How to Backpack in the Rain! | Rain Gear Theory for Lightweight Backpacking

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In this video I discuss the Pros and Cons of lightweight and ultralight rain gear for backpacking and hiking. Or, my rain gear theory. Backpacking in the rain can be miserable or amazing depending on your level of preparedness! Do your research and be ready!

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  • Dead on correct on the waterproof shoes and socks – they do a great job of keeping the water IN.

  • Those dual layer latex gloves look interesting. What brand or where would we get those?

  • I was just caught in a rainstorm in Colorado and watched a guy put on rain shorts. I had never seen it before. Iโ€™ve never liked pants because they are hot and steamy. His hiking shorts stayed dry and mine were soaked. In warm temps itโ€™s fine but immediately the cold wind followed and it was dangerous to be wet. So when I got home I just pulled out the sewing machine and made shorts out of my never taken pants. we will seeโ€ฆ

  • I use the red ortlieb attract 45 liter for all my adventures. its a but on the heavier side but that's my only heavy gear. its worth it to me that my bag and all of its contents are going to be 100% dry 100% of the time. plus the gear attachments are incredibly useful.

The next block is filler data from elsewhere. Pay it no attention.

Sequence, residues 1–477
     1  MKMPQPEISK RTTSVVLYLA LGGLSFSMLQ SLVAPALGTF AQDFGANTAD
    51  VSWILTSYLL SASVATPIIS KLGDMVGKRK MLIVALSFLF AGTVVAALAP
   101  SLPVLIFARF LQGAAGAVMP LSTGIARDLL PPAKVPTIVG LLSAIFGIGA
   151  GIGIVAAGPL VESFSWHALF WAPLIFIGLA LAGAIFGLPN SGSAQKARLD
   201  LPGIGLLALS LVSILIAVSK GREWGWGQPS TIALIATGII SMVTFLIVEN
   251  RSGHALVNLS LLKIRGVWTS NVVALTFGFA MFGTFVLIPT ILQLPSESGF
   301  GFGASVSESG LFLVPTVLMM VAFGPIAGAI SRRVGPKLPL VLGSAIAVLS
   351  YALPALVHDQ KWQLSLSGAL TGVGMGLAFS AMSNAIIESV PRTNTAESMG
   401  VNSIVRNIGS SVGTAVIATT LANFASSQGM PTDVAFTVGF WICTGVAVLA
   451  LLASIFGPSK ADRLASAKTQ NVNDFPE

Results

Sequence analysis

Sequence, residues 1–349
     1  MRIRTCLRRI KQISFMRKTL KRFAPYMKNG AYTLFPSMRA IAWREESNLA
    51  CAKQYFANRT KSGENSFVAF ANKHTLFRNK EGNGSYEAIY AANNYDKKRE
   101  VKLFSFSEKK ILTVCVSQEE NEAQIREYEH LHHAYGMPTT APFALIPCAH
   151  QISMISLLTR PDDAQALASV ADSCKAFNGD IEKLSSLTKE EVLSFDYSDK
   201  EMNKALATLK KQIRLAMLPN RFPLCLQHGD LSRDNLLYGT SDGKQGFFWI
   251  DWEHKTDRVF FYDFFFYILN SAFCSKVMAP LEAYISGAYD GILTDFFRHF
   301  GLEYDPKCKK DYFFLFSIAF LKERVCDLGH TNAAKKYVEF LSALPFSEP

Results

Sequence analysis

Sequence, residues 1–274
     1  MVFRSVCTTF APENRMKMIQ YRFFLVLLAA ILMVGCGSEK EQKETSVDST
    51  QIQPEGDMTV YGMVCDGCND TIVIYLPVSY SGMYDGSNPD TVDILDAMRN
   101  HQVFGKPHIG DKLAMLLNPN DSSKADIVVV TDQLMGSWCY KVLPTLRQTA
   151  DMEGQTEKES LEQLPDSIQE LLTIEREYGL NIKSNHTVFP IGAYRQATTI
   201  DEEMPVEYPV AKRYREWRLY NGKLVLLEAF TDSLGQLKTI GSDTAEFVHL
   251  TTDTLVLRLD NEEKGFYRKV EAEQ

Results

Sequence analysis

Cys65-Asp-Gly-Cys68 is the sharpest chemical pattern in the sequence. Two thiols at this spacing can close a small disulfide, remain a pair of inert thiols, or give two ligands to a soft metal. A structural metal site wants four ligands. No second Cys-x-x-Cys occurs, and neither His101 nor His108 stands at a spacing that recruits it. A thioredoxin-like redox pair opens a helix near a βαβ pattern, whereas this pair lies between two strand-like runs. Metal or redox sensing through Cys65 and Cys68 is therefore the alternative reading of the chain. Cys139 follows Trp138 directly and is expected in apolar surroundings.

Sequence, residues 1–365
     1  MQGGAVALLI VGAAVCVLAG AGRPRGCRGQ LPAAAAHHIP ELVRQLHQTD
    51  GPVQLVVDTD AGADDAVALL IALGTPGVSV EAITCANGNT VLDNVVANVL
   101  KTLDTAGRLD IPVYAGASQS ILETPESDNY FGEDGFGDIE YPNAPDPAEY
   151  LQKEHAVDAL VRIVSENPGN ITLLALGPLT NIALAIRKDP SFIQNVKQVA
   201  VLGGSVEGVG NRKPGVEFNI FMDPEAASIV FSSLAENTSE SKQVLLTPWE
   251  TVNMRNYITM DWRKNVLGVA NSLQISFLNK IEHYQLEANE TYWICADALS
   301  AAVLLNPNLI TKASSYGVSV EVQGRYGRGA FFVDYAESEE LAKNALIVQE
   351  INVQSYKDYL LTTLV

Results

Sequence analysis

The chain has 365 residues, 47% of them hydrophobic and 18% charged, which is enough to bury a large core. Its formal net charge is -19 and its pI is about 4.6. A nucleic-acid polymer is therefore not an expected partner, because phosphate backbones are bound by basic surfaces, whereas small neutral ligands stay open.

• if you have pants that goes over the shoe, if you have long strings you can also wrap the string to tie the pants to the outside(aka hiking boots). Dry feat is a blessing in rain +you can just have sipoff pants to make them into shorts when it is hot.

  • Hey Bryce , just came across your channel, awesome man! New sub from me ๐Ÿ™‚
    Now then, have you looked at ponchos? Have found them to be a game changer, cheap, vent super well and can offer some rain protection for the legs to.
    shameless plug, have a video on my channel about it

  • if it is raining do not your shoes soak up a bunch of water making my boots lighter weight, dry.

  • Agree. No way your feet are gonna be dry if it's wet outside.

  • I have a marmot rain jacket that i have had for years. it works well but if in heavy rain all day 8-9 hrs…. it will soak through. And I have used the "skirt" and I really liked it. at the end of the day the lower half of my calf and feet were wet. I mean what the hell you are not going to a beauty contest.

  • I have a silpoly poncho and love it. It covers me and my pack and I don't have to take the pack off to put it on. I have a helium but I use it as a wind shirt. I have a rain shell that I can wear over my puffy on winter hikes especially good for hiking in an ice storm. I have several pair of the really cheap 1 size fits all knit gloves. I keep a pair in my pack in winter, they weigh less than an oz and will keep my hands from freezing.

  • K B

    Showa Atlas TemRes 282 gloves!